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Pessimists and optimists in balance in Slovakia

ACCORDING to a recent survey by the Institute for Public Affairs (IVO) think tank, 46 percent of Slovaks believe the country is heading in the right direction, while 50 percent of people believe the opposite.

ACCORDING to a recent survey by the Institute for Public Affairs (IVO) think tank, 46 percent of Slovaks believe the country is heading in the right direction, while 50 percent of people believe the opposite.

"Such a balanced evaluation is very uncommon," said IVO sociologist Zora Bútorová.

Young people with university education holding white-collar jobs prevail in the group of optimists, the daily SME wrote.

In terms of voter preferences, the supporters of the ruling Slovak Democratic and Christian Union and the former ruling Christian Democrats are among the biggest optimists, while supporters of opposition Movement for a Democratic Slovakia (HZDS), the Slovak Communist Party and the nationalist Slovak National Party are the biggest skeptics.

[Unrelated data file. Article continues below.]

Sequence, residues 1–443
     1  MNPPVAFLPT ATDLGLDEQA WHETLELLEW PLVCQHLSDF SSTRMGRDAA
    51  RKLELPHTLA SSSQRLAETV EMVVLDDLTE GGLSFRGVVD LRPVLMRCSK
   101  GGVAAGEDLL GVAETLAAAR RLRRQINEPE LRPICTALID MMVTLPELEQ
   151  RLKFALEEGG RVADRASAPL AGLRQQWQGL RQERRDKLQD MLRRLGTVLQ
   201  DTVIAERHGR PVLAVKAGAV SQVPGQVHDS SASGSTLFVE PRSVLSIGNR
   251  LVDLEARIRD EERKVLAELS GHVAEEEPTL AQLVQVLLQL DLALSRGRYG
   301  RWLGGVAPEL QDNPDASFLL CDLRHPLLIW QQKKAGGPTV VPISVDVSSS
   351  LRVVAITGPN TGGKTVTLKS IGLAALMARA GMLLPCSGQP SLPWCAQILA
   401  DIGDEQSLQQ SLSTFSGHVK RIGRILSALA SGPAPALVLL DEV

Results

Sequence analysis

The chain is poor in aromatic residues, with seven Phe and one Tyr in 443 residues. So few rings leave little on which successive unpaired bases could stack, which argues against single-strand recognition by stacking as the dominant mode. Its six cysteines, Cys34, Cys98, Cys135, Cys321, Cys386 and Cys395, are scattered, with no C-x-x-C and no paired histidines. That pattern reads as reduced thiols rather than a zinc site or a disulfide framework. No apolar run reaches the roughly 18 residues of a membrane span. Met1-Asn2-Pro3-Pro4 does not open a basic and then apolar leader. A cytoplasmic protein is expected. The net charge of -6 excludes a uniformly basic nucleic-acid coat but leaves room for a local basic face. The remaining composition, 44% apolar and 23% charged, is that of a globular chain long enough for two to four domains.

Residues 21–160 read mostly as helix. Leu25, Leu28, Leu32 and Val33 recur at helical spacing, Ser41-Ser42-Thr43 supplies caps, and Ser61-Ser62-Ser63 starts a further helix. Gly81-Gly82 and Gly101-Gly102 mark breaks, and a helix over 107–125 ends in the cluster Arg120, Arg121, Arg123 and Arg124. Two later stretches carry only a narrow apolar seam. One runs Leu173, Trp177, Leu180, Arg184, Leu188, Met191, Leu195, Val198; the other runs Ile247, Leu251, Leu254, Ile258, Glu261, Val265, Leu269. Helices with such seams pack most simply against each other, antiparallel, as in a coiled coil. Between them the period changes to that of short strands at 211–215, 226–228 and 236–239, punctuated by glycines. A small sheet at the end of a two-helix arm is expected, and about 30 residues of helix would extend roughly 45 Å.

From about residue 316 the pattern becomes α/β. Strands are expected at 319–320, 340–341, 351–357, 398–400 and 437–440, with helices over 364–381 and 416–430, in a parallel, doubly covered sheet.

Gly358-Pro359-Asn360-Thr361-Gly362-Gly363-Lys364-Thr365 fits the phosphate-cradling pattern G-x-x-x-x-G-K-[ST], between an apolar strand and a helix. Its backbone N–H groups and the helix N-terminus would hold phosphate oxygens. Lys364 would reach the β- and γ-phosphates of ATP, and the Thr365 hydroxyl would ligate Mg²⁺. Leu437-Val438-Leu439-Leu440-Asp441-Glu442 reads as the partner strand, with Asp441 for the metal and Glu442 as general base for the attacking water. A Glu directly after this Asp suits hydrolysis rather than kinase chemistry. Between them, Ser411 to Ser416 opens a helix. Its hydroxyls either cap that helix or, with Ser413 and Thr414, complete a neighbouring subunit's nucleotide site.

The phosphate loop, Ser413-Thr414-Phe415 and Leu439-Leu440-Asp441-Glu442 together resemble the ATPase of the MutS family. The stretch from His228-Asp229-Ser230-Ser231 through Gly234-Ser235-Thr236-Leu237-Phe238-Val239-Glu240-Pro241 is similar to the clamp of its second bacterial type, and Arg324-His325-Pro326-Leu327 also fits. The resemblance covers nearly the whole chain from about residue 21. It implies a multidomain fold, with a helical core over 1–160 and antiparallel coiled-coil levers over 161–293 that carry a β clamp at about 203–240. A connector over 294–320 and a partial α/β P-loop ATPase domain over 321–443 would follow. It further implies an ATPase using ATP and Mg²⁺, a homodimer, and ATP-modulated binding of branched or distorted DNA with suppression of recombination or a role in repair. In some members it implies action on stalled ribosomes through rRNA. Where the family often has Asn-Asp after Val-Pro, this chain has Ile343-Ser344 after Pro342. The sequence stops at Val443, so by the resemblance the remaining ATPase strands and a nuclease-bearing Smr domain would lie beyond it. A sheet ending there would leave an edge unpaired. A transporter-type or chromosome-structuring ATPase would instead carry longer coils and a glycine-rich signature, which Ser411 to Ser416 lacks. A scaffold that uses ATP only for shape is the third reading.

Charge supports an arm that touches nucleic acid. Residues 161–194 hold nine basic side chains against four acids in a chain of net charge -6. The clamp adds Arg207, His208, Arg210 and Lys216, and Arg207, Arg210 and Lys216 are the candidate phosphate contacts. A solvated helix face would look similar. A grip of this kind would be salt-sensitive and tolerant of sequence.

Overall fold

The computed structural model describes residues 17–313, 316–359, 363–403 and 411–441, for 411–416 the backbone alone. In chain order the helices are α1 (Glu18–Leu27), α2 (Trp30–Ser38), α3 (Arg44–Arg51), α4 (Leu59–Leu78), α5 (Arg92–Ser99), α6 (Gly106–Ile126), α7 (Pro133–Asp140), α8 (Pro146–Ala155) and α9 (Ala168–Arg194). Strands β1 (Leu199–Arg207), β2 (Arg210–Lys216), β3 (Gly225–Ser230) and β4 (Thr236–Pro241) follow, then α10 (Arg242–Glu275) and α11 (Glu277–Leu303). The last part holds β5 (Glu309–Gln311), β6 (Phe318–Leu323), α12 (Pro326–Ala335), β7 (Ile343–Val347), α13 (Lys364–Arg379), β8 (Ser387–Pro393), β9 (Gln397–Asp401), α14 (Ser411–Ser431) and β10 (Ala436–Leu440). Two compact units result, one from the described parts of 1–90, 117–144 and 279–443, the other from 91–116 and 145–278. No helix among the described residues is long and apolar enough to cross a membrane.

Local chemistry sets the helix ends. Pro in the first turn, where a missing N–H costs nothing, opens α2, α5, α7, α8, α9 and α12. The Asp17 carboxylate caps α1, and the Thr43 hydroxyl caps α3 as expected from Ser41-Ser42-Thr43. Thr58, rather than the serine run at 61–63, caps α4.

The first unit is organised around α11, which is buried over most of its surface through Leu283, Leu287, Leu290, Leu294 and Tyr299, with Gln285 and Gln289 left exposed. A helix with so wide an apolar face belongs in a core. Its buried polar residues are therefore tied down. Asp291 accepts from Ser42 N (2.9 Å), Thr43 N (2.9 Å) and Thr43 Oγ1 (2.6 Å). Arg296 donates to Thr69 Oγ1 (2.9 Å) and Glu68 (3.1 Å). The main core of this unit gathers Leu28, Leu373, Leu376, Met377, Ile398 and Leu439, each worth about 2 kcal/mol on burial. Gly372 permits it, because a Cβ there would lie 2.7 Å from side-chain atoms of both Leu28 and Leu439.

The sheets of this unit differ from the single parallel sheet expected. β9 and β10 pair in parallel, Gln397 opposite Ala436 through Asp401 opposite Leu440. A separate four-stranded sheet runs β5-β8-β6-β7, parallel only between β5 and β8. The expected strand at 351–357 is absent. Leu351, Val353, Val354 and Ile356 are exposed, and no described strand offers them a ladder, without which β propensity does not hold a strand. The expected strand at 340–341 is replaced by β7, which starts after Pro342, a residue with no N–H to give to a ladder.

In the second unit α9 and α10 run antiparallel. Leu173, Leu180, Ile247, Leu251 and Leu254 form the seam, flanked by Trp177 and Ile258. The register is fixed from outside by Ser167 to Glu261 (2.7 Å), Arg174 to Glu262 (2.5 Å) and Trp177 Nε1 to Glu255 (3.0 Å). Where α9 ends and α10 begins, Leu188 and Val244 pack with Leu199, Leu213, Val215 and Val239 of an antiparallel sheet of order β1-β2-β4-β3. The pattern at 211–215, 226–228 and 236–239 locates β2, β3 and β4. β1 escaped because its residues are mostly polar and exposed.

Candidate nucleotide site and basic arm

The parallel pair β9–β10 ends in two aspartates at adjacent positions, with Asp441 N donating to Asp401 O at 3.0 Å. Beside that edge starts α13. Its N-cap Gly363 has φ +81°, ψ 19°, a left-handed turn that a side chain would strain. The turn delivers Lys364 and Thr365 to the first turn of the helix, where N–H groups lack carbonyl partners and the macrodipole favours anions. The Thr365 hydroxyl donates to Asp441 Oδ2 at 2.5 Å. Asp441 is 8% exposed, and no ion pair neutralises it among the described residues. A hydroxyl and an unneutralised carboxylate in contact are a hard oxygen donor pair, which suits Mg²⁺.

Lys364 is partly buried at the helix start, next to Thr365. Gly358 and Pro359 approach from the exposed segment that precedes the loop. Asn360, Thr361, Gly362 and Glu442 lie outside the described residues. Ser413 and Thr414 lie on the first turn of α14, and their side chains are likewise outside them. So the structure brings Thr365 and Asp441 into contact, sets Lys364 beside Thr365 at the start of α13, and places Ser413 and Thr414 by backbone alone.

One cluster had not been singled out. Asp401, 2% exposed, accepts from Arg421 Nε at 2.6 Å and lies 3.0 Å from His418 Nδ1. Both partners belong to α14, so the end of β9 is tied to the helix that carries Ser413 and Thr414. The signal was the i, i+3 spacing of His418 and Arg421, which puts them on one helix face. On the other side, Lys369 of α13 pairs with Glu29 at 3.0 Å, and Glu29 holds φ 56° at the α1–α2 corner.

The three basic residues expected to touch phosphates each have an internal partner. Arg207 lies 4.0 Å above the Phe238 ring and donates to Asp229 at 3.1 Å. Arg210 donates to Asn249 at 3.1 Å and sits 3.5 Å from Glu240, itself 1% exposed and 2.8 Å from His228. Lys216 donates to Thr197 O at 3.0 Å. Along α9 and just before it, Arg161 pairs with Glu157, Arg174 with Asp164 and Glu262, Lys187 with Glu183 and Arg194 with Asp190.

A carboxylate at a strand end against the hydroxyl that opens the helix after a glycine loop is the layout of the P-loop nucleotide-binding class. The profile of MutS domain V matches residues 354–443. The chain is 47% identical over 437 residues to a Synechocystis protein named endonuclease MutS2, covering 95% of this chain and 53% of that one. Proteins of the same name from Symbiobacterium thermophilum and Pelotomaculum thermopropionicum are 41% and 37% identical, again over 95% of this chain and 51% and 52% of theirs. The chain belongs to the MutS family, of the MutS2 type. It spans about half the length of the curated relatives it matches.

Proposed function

Slovak people felt the greatest pessimism eight years ago, before elections in 1998 resulted in the defeat of the ruling HZDS.

Since then, people in Slovakia have been more optimistic than pessimistic only once - in January 1999, when 47 percent believed the nation was heading in the right direction, while 34 percent did not.

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